While preachers criticized bluesmen for singing the devil's music, Thomas felt that the blues performer was consistent in telling the truth as he saw it. Preachers, on the other hand, delivered a pious message on Sunday, but the remainder of the week pursued the same venal interests as their parishioners: "And you can't always go by what them preachers say, because right now some of them drink more whiskey than me. Some of them preachers ain't living for nothing but money and some chicken and a nice-looking woman. That's all they're living for."
Through the blues, Thomas connected with his feelings and expressed them in his music. Blues became a metaphor for the profound grief that connected him to his people. He sang for enthusiastic audiences who clearly heard his message and felt it with their hearts. When his music connected on this level, he called it by name: "I get a feeling out of the blues. That may be because I been worried a lot. See, my first wife quit me and I had the blues ever since then. Any time you get lonesome, you want to hear some blues. . . . That's how the blues started. You get worried over some thing, what you call a deep study . . . that's the blues.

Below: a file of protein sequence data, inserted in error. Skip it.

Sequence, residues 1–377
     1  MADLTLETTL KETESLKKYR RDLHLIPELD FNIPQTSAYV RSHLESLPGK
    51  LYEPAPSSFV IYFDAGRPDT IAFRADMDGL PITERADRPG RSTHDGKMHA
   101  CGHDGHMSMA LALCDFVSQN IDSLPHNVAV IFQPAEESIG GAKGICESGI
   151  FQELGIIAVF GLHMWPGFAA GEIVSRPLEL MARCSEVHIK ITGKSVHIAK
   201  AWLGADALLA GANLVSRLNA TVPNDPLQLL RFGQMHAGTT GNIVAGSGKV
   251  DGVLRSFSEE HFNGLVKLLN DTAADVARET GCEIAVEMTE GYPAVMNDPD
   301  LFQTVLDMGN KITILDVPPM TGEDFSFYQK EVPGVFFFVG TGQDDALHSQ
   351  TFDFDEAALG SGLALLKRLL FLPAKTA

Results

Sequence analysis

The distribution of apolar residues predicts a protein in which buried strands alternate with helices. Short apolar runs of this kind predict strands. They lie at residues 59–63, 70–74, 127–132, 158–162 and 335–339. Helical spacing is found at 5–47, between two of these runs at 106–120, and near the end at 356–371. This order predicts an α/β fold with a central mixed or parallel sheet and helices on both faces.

Thomas reflected on the creative process and how he composed blues. Through this process he expressed his feelings in songs that he called "make-ups." Such songs captured the feelings of both the singer and his audience in spontaneous lyrics:
They're right-now songs. That's like when you make up a story or something. Just like if somebody mistreats you, you can make up a recording [song] about them. You sing, like:
You mistreat me now,
But you can't when I go home. . . .
That's the starting of a song and from there on you can put in anything else you want From then on you can just skip around and do what you want to do. You get you some more verses and put them together and mix them all up You just sit down and they'll come to you.
As Thomas became better known for his performances, he traveled to jook joints in small communities all around the Delta. He became expert in the ways of jook joint culture, and learned to sing near a door or window as a means of quickly escaping the room if and when violence erupted. Thomas vividly recalled how one night he had played for a woman who owned a jook joint near Tchula, and as he was singing, a gunfight erupted between this woman and two men:
I went to Tchula once. A lady wanted me to play for her and we went northeast of Tchula, way out in the country. So they got to fighting up there that night. A fellow went and got some shotguns and came back and started shooting down toward the house. So that lady didn't have no husband. She got her shotgun and went out in the yard and she started shooting back at them. She ran two men away with that shotgun. Both of them had guns. I never will forget that. I never would come back there 'cause there's danger of getting shot in the face when there's a lot of people dancing and there's shooting in the house. You don't know what's going to happen. Lots of people got killed like that.